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Roger over at WogBlog has an excellent head’s-up on a massive collection of Beatle personal items/memorabilia from Beatle author Geoffrey Giuliano and one-time Beatle designers The Fool. (A lot of this stuff—which is really mind-blowing—seems to have originated with Derek Taylor, or directly from George and John.)
I don’t know what I think about memorabilia. On the one hand, I definitely feel the attraction of it—what Beatles fan wouldn’t want a letter from George to the other Beatles asking them not to break up the group? On the other hand, memorabilia also gives off a very weird vibe. I’ll explain what I mean in a moment, after this snip from the auction’s Facebook page. Read it and you’ll see why I was moved to post about this collection.
John and Yoko’s Sexual History?!
John Lennon Yoko Ono Personal Home Recording Concerning Their Sex Lives Before And After They Began Their Relationship (A Sexual History Of Both Of Them)
An unheard original tape of John Lennon speaking to his wife amend at times is disbrued with her answers [garbled, but you get it—MG]. A HISTORY changing tape. Originally the property of John Lennon. Lennon gave a copy to Derek Taylor at Tittenhurst Park telling Taylor, “Keep it we might need it later if I ever decide to break up with Yoko.” Original cassette and CD listening copy. With history and COA from Geoffrey Giuliano. Formerly the property of John Lennon. From the collection of Derek Taylor.
Wow. I kinda can’t wait to find out what’s on that, and kinda really absolutely DON’T WANT TO KNOW. Can you imagine John and Yoko in the era of cell cameras and sexting? Running TMZ would be even easier than it is now. Channel 756 on DirecTV could be the “John and Yoko’s Sexual History channel.”
As roughly one billion people have noted before me, memorabilia is essentially a religious relic. The modern replacement of religion with celebrity is also a common thought—John Lennon might’ve caught hell for comparing the popularity of a pop combo to the Prince of Peace, but that was before fifty more years of TV. Like it or don’t, among certain generations Lennon could wear the nickname “Prince of Peace” as easily as the late J.C. (At least until this tape makes the rounds.)
“Everyone wants a piece of you”
I love me some Beatles, but there’s a thing that keeps me from getting too nutty about Beatles memorabilia, and it’s not just the lack of any spare millions. It’s the sense of a relationship, however tenuous and unspoken, between desiring something once owned by a Beatle, and wanting to own a piece of them as people. As Lennon said, “The postman wants an autograph. The cab driver wants a picture. The waitress wants a handshake. Everyone wants a piece of you.” For those Beatles that are dead, this can’t hurt them anymore—but while they were alive, I think it alienated them terribly, and was so crazy for so long they became fed up. It was precisely the kind of pressure that broke up the group; and precisely the kind of thinking that got George and John attacked by fans. Certainly it encouraged misperceptions in their own minds that made their lives much more difficult. Put it this way: lot of people in 1969 got high on acid and announced they were Jesus. When John Lennon did it, he had reasons besides the lysergic. What The Beatles were then (and what they’ve come to mean since), is as close to religion as you can get without founding churches. Lennon knew that; he felt it; he lived it.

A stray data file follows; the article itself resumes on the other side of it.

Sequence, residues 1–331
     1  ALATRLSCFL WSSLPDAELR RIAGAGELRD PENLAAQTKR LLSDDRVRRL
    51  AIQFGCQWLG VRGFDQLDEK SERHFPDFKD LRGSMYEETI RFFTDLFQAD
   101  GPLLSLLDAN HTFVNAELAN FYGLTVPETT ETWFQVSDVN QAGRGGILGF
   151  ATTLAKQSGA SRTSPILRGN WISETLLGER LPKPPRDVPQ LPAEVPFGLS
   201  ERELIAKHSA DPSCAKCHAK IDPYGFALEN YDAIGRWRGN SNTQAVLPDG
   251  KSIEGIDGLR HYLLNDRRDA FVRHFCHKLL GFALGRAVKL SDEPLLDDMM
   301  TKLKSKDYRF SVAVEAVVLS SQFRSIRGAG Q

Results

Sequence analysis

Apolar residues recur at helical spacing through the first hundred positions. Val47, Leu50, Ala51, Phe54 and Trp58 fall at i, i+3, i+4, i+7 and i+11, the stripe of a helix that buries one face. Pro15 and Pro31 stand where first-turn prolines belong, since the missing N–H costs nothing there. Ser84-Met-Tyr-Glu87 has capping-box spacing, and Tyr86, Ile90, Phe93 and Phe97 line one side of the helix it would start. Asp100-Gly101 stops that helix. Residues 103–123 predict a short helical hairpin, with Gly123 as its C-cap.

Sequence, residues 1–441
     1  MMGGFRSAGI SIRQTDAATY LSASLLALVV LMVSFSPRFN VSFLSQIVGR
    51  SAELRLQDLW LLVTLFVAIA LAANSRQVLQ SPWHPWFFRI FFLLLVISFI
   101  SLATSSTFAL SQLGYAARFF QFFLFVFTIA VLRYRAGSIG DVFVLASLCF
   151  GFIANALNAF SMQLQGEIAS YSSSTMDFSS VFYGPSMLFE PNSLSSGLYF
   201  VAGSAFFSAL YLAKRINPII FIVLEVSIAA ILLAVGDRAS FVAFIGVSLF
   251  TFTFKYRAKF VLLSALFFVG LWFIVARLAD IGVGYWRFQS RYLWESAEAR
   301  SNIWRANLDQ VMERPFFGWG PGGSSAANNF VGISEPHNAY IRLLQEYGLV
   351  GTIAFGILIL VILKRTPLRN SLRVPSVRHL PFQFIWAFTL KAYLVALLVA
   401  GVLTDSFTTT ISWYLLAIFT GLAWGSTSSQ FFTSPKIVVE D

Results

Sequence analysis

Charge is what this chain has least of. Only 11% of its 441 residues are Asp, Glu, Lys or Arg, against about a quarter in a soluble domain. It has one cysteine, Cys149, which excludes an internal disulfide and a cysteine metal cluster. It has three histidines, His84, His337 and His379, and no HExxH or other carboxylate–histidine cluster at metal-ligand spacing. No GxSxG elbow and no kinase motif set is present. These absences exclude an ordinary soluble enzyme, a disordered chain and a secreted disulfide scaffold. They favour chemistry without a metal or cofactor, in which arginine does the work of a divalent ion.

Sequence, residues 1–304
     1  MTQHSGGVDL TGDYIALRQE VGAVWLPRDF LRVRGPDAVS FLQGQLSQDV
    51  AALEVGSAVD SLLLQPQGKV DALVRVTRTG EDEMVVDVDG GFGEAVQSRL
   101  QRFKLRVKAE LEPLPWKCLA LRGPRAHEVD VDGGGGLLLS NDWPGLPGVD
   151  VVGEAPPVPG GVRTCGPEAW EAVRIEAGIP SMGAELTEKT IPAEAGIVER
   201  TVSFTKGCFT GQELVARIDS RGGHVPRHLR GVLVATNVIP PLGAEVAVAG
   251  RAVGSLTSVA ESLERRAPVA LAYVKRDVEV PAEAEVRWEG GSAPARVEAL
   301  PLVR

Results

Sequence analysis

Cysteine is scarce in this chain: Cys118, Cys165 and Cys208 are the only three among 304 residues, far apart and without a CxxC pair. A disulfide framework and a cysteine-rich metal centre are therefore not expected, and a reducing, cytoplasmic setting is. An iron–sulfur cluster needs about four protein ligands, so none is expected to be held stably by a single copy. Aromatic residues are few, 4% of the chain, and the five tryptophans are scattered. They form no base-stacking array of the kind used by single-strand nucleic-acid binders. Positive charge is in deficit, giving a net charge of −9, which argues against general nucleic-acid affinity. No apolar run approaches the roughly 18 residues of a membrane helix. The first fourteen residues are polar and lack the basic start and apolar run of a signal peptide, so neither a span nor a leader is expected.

Apart from the religious aspect, there’s a simple commercial truth at work, too. When John Lennon wrote his name on something, it became worth more money. That value had to come from somewhere, and Lennon suspected that it was drawn from him. There’s a “quote” in Dakota Days, I believe, where Lennon speaks of the toll thousands of autographs and millions of photos must’ve taken upon his elan vital. But I don’t think you have to get all woo-woo to explain this. Whether or not it’s a “transfer of energy” from the star to the fan, the creation of monetary value is real, and in a world where so much comes down to those little green pieces of paper, it’s inevitable that people who can create money by associating with an object will get no peace. Can you imagine the pilferage that John, Paul, George and Ringo must’ve suffered over the years? I suspect that kind of thing is part of the huge downside of Beatledom, which is so hard for the rest of us to see, much less understand.
The Gerber Plan
If you ask me, the British government oughta give the four estates a massive tax writeoff and put everything—master tapes, personal papers, and historically important memorabilia—into a museum. Not only for its protection, but to preserve the integrity of the historical record. I’ve been reading and thinking about The Beatles for 36 years (I’m 40) and never have I come across that Harrison memo, which changes my picture of the breakup significantly. Now that they’re gone, God knows how much our perceptions of John and George have been shaped by what’s been revealed and what hasn’t, and if The Beatles are authentic historical figures (which they obviously are) accuracy is paramount. (There could be a whole wing for John and Yoko’s sexual history! jk)
Meanwhile: what do I hear for George’s genuwine prayer beads? Do I hear thirty? Thirty-five! Forty! Forty-five…